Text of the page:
Biographical Sketch: May Levine Hartzman was born in New York City in 1914. Her parents were Max and Fannie Levine. Both parents had come to the United States to escape the repression of Czarist Russia. Fannie had immigrated after the failed 1905 revolution. Her father was a tailor and her mother had worked in a factory. But unemployment problems led to their trying to run various businesses such as newsstands and candy stores. May also had a younger brother, Fred, whom she helped to take care of while her parents were working. When she was a child, May attended a Jewish school sponsored by the International Workers’ Order. People in the IWO were active politically. Before her parents went into business, her mother used to attend union meetings. May’s upbringing was very progressive and she received a good political education. The family was very class conscious and they knew they belonged to the working class. Spanish Civil War When May graduated from high school, she went to nurse’s training school at Lebanon Hospital in New York. When she graduated in the midst of the depression, there was a lot of unemployment for nurses in 1935. Co-workers fainted from lack of food. The Spanish Civil War started in 1936. Franco, in his attack against the legal Spanish government, was being aided by Hitler and Mussolini. In the U.S., Roosevelt pushed a non-aggression pact. However he was the only one who observed it while the fascists and several American companies were aiding Franco. May saw how things were going in Spain. She read the Daily Worker. She announced to her mother that she was going to Spain. Her mother told her to make up her mind that if she went she was going to stay and help. She applied to the American Medical Bureaus. She left with a group for Spain. There were nurses from New York, Philadelphia, and Chicago. There were doctors from Chicago. They went over on the Normandie and arrived in Le Havre in 1937. They took a train to Paris where they receive some instructions from people there who were directing the groups. They left on buses for the Spanish border and got into Spain. They drove from the border. They made a couple of stops along the way and eventually ended up in Benicasim. In Benicasim, a number of villas, vacation homes belonging to the very wealthy, had been taken over and converted into hospital facilities. They were given names of famous people like Maerich, Gorki, and Marti. One of the villas was used as an operating room. May was the operating room nurse. She assisted Abraham Edelson, a neurosurgeon. Another doctor was Barney Malbin of Chicago. He was an internist and surgeon. There were two nurses from Chicago and a nurses aide from New York who assisted the x-ray technician. A lot of people were transferred from the front to the hospital. She was in Benicasim for about a year. They had quiet days and other days when she thought they would be bombed by planes flying over. On the whole, they were lucky in Benicasim. The local people were very helpful and she formed close friendships with the Spanish people there and in Murcia. The hospitals were like a league of nations because of all the people from different countries. There was one Czech doctor name Kisch who had a brother who was a famous author. Gustav Regler, a German author had stayed there. There were doctors from different parts of Europe. One doctor who was born in Poland but had left there because of persecution had received his medical training in France. May and this doctor spoke Yiddish because he knew French and Polish and she knew English and Spanish. Benicasim had American, German, French, and Czech doctors. All the volunteers were trying to learn Spanish so they could speak with and treat the local people. The hospital was very busy. They did a lot of general surgery even though they had a neurosurgeon. However, they had to be very innovative because of the lack of supplies. May remembered that she had one burn patient for whom they needed to keep the blankets off his leg. They had no cradles to hold up the covers, so May took a cradle from the autoclave they used to sterilize the instruments and put it upside down over his leg. While they were in Benicasim, they were visited by two American congressmen, Bernard and O’Connell. Paul Robeson visited and entertained there. Abe Osheroff, who would later make Dreams and Nightmares, was wounded and was one of her patients. Herb Klein, the American movie producer, made a movie about the war in Spain. May never saw the movie, but her father saw it six times in New York. While she was in Spain, she received parcels from her family and from nurses she had known in the Bronx. Her mother sent chocolate strudel preserved in cognac. She fed this to Al Prago, an American soldier who had jaundice. The nurses sent peanut butter. Her mother’s parcels also included instant coffee. The primary food they had was garbanzos, lentils, and burros, very tough burros. They made coffee from lentils (original cup of soup). May vividly recalled a trip to Murcia in which 14 patients needed to be transported because of the seriousness of their wounds. They had a big Mack truck set up as an ambulance. It had 4 stretchers and several benches. May made the trip with two ambulance drivers, Ted Gibbs and Jack Hartzman, whom she would marry several years later. The trip took 14 hours and was very difficult. All the patients were in excruciating pain. May took some minor pain killing pills and also brought some cognac to help the patients fall asleep and get some relief from the pain. One of the patients was an American with a very bad wound in his back. She did not think that he would survive, but several years later he greeted her warmly at a reunion of the Veterans of the Abraham Lincoln Brigade in New York. When things were going bad for the loyalist army, the International Brigaders were taken to Barcelona by truck. They stayed there for awhile until they were sent to a hospital in Mataro. It was under the command of a Czech, German, and an American. They were there for about three months before they were repatriated via Paris. The American Medical Bureau made arrangements for their return to the United States. The American Medical Bureau informed the families so she was greeted by friends and family when the Normandie docked in New York. They had a party at her home where everyone wanted to know about Spain, whom she had met, what she and the people she was with had done. After the Civil War After returning to the States, she did some private duty nursing and worked at Bellevue Hospital in New York. During the World War II, she spent some time working in the Canal Zone in Panama. In 1946 she moved to Chicago and married Jack Hartzman whom she had met in Spain. She and Jack were active in progressive causes both in Chicago and later in Los Angeles after they had moved to California. May passed away in May 1996. ~Peter Hartzman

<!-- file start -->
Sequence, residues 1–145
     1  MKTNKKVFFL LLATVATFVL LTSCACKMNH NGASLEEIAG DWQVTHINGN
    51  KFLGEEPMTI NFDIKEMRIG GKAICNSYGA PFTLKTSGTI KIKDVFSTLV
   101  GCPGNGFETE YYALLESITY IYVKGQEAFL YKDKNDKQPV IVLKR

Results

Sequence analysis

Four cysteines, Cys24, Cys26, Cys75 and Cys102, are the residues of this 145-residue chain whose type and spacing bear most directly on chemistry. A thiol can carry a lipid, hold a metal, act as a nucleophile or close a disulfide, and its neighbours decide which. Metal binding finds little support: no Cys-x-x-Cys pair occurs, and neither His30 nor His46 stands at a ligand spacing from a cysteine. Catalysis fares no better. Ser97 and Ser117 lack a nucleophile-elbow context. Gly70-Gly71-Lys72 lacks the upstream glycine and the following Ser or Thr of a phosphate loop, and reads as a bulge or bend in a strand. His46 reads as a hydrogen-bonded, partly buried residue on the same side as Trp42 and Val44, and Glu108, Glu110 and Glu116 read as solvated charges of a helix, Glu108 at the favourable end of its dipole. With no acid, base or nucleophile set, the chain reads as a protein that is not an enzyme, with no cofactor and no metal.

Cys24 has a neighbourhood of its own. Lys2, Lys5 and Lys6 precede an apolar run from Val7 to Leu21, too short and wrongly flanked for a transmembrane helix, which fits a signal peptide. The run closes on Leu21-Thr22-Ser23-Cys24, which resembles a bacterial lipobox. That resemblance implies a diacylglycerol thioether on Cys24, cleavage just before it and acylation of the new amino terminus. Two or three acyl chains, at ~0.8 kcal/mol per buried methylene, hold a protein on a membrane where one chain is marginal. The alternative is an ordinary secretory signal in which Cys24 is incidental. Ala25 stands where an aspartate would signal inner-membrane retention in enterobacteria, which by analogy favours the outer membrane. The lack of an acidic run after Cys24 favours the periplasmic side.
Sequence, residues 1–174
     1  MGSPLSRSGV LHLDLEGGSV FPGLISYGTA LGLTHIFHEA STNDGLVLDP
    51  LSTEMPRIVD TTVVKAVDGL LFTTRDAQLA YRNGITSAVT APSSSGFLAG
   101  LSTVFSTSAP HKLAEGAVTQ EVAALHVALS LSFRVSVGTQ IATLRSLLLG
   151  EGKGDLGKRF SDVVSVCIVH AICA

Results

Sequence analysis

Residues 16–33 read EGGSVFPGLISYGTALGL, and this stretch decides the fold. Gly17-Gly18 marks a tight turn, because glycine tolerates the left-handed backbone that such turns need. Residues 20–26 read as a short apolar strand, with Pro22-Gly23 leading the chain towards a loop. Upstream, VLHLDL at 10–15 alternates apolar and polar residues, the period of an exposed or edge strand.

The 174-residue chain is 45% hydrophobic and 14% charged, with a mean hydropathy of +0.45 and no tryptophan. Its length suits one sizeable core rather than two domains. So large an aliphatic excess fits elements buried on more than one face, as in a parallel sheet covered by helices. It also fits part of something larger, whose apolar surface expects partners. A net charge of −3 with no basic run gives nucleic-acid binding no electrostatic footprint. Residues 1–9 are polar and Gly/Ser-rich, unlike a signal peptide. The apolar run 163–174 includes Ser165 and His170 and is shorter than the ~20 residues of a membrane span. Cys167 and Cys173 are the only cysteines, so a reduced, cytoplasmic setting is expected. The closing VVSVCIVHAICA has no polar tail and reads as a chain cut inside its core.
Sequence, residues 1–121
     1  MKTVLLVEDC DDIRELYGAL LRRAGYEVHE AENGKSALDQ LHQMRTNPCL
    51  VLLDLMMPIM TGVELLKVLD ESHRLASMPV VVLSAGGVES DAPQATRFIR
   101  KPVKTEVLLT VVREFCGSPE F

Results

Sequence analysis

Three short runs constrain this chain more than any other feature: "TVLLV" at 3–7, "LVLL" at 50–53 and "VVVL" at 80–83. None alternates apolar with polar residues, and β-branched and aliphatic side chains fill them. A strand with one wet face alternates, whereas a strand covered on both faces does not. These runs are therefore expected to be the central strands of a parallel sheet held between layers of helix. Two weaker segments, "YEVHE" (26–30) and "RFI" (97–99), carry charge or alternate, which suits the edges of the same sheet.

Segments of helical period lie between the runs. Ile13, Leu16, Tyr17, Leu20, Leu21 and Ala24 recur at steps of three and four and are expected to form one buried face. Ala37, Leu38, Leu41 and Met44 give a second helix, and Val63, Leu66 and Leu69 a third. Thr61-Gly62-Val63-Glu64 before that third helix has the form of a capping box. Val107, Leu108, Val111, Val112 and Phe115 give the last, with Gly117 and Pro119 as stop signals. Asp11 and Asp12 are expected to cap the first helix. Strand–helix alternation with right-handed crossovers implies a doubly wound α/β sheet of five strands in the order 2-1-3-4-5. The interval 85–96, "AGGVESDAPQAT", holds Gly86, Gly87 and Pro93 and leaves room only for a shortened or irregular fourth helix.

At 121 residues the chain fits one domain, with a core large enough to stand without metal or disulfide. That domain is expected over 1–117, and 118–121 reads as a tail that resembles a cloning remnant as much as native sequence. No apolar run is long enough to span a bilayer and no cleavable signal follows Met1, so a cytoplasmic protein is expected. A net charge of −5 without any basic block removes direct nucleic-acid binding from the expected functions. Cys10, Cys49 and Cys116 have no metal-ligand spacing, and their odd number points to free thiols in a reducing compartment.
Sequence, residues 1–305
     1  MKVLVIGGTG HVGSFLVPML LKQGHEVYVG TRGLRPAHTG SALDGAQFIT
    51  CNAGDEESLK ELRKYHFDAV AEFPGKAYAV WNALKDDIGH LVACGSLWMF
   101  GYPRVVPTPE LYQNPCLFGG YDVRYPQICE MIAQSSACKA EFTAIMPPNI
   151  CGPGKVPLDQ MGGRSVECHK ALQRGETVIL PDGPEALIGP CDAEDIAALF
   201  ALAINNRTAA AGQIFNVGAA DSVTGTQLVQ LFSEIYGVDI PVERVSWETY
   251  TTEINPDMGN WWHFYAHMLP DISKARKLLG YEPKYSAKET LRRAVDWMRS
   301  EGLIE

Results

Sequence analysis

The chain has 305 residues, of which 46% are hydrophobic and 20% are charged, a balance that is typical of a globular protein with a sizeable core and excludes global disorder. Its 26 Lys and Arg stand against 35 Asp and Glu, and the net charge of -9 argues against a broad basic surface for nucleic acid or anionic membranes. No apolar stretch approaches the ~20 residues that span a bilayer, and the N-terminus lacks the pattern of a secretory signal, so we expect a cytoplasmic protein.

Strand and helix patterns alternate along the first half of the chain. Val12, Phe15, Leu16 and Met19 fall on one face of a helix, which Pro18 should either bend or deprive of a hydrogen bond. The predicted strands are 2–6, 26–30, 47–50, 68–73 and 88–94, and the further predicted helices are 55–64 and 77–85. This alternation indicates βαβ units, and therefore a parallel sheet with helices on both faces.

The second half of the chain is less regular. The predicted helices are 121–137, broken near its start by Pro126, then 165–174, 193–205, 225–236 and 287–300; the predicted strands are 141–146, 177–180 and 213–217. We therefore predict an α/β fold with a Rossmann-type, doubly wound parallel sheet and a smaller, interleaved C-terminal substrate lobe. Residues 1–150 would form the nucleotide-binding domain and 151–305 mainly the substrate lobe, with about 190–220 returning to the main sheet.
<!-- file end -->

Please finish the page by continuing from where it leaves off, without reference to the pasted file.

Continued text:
Photographs: May Levine in Spain, RGASPI Fond 545, Opis 6, Delo 933, ll. 80; and in Benicassim, Screen shot from the Cartier-Bresson film.